Russell pursues musical education passion at South

Esther Lim, co-a&e editor

Long tones—always play those long tones! These are the words of wisdom Markeises Russell, new Fine Arts Department instructional supervisor and co-band director, tells his students every band rehearsal. Long tones,extended notes one holds out for as long as their breath allows, help musicians perfect their sound quality for the rehearsal ahead.

For Russell, long tones serve not just as a valuable warm-up method, but also as a metaphor for his long-lasting, unwavering passion towards educational leadership and his journey to finding his dream job right at South. Even when he visited South as a high schooler for the annual Northshore Jazz Festival, Russell noticed something about the school back then that drew him here.

“[South] was one of those places that I really dreamed about working at, even when I was in high school,” Russell said. “Everything from the student volunteers to the overall vibe of the building, I was like, ‘Yeah this is where I want to be.’ If you would have told me all of those years ago that I would be working here, I wouldn’t have believed you.”

Before Russell found his way to South, he had an extensive educational career in the Fine Arts. His passion has reached far and wide, especially during his four years at Nicholas Senn High School in Chicago, where he served as the band director and head music educator.

“By the time I left, we were close to 200 students,” Russell said. “In a matter of four years, [I] increased the size of the program, received a grant for brand new instruments and did a lot of great work to bring music education to students who would not otherwise have the opportunity.”

Before working at Senn, Russell started his career at the Noble Academy, a campus of the Noble Network of Charter Schools in the city of Chicago, as a choir director, and expressed that he had learned valuable lessons throughout his time at both schools.

“A quote by Maya Angelou that comes to mind is something about how people won’t always remember what you said, but they’ll always remember how you treated them,” Russell shared. “I try to treat people with respect and dignity, and I try to always keep in mind that I’m dealing with a human being. That’s a lesson I carry with me.”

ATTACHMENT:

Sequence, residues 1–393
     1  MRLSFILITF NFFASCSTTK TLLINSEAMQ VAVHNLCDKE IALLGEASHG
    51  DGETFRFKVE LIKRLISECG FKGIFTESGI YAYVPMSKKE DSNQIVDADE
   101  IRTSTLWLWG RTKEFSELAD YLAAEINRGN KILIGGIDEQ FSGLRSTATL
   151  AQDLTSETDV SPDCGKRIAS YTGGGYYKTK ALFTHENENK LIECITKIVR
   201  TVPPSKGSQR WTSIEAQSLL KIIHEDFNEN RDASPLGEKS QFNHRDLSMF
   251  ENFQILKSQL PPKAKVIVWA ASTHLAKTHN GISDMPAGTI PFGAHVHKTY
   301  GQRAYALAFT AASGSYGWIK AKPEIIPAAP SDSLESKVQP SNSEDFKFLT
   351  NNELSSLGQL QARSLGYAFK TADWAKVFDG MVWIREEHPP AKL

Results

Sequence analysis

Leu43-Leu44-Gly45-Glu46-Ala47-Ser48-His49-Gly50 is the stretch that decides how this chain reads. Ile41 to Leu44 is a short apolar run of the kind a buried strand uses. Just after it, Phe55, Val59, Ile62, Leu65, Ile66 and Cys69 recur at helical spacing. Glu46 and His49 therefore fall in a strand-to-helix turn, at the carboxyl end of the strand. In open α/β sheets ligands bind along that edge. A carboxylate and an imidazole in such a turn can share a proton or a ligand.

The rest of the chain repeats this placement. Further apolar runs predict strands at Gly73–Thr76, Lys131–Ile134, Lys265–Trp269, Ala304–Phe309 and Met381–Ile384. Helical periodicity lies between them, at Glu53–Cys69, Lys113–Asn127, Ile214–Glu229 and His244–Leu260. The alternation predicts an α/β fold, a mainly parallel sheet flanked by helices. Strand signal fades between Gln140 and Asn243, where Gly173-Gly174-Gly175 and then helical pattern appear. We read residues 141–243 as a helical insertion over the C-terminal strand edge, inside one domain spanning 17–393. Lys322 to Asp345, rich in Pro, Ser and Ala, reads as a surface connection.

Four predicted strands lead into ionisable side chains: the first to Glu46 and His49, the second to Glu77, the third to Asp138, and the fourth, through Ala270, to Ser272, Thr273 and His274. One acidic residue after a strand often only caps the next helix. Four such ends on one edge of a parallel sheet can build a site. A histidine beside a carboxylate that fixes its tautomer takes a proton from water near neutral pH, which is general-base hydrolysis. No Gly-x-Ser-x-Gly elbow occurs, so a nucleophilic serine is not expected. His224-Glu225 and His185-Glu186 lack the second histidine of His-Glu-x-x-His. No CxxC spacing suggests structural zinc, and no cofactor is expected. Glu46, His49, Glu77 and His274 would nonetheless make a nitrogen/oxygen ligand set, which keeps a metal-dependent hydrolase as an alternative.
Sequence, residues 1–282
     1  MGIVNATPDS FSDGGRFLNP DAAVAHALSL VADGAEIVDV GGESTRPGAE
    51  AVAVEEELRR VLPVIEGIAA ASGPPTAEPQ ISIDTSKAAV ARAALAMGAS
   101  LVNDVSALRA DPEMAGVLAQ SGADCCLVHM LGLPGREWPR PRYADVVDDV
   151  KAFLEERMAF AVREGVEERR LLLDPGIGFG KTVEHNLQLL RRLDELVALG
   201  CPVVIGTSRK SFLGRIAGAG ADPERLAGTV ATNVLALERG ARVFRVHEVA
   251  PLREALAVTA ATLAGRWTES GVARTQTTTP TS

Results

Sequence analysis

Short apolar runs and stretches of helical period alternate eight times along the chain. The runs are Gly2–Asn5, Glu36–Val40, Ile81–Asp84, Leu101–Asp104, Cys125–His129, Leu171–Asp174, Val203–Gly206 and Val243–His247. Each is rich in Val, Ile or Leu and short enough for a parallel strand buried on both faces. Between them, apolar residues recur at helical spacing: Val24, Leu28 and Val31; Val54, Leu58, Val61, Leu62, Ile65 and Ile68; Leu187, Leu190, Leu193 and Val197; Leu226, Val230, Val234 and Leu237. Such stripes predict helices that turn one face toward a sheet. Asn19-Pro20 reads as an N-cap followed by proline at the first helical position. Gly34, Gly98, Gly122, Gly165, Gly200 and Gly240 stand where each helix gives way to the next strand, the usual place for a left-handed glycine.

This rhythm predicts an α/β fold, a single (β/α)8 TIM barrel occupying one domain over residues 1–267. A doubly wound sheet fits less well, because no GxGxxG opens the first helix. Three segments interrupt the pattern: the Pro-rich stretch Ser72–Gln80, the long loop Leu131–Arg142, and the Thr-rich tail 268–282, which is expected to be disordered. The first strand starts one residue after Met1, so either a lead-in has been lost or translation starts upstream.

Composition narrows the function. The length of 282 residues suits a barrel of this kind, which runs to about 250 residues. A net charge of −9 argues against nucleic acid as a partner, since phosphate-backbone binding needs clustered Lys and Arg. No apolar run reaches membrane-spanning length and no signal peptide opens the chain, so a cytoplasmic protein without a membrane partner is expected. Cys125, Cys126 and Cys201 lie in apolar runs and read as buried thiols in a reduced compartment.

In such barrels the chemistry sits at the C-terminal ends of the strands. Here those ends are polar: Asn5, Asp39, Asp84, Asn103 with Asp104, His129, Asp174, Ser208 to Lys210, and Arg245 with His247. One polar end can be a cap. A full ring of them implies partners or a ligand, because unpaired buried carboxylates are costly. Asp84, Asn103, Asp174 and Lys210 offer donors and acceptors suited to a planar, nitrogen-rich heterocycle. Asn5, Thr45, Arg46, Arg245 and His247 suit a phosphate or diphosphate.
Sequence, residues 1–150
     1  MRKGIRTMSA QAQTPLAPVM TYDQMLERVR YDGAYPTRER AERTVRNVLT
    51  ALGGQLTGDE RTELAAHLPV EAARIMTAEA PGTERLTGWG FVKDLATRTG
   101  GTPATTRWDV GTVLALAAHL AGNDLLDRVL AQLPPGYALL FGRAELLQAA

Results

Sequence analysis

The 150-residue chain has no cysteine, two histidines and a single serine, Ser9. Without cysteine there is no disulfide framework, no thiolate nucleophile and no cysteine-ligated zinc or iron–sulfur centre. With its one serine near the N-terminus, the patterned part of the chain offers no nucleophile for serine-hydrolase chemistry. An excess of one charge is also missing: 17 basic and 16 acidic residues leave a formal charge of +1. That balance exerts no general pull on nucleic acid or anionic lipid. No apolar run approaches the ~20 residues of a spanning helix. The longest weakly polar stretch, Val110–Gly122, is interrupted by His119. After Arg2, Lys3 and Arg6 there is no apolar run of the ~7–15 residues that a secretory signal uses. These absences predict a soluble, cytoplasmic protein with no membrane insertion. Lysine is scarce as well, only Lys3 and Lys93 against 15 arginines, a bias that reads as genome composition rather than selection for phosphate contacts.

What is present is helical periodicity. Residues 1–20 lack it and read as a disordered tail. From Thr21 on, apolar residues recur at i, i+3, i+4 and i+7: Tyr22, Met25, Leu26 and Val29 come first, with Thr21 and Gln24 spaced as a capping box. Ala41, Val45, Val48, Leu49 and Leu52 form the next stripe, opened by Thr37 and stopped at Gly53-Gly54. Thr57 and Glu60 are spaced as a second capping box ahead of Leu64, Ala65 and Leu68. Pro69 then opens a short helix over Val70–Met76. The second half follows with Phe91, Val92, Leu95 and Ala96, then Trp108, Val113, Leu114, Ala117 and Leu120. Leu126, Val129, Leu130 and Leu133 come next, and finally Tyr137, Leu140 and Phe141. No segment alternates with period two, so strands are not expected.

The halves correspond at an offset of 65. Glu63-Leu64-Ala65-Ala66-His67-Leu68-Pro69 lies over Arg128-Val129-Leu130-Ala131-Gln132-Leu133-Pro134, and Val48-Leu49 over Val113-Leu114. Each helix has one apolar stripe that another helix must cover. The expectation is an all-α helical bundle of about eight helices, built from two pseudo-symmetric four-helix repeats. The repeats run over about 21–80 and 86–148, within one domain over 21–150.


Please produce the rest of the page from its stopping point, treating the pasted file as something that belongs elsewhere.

Senior Lucas Nguyen, who has been in marching band since freshman year, expressed that he appreciates Russell’s attitude. Nguyen not only respects Russell’s down-to-earth, friendly attitude during rehearsals, but also, his musical expertise as a fellow saxophonist.

“I wanted to try out for this solo for our marching band show and there’s this note that takes a lot of skill to play,” Ngyuen said. “He taught me what kinds of mouthpieces and reeds to use and how to play that note [for my audition].”

However, as a student, Russell himself had his own positive force to guide him along his passion for music and music education. For Russell, this person was Kevin Carroll, director of orchestras and assistant director of bands at Rolling Meadows High School.

“I would not have discovered my love for playing saxophone or teaching music had it not been for him,” Russell said. “It was always something that he was able to say that would get me in the practice room after school practicing for hours. I would say that he’s definitely my musical idol.”

Carroll recognized Russell’s love for music as a student, and expressed his pride towards his student’s achievements beyond high school and into college as Russell continued his passion for music and music education in the Berklee College of Music in Boston, Massachusetts.

“Frankly, what impressed me most about his Berklee experience was what he achieved there,” Carroll said. “Russell took advantage of the opportunity and ran with it, while looking toward his professional goals of being an educator. Getting accepted is the easy part. Parlaying the opportunity into professional success is the challenge and Russell has done it.”

Looking forward to his new position, Russell expressed his hopes for all members of the Fine Arts community at South despite the uncertain times.

“I think that if there was ever a time to be an artist, this is the time,” Russell said. “This is the time to challenge ourselves to be creative, problem solvers, critical thinkers and this is our time to be compassionate makers of art. We may not be together in person in a brick-and-mortar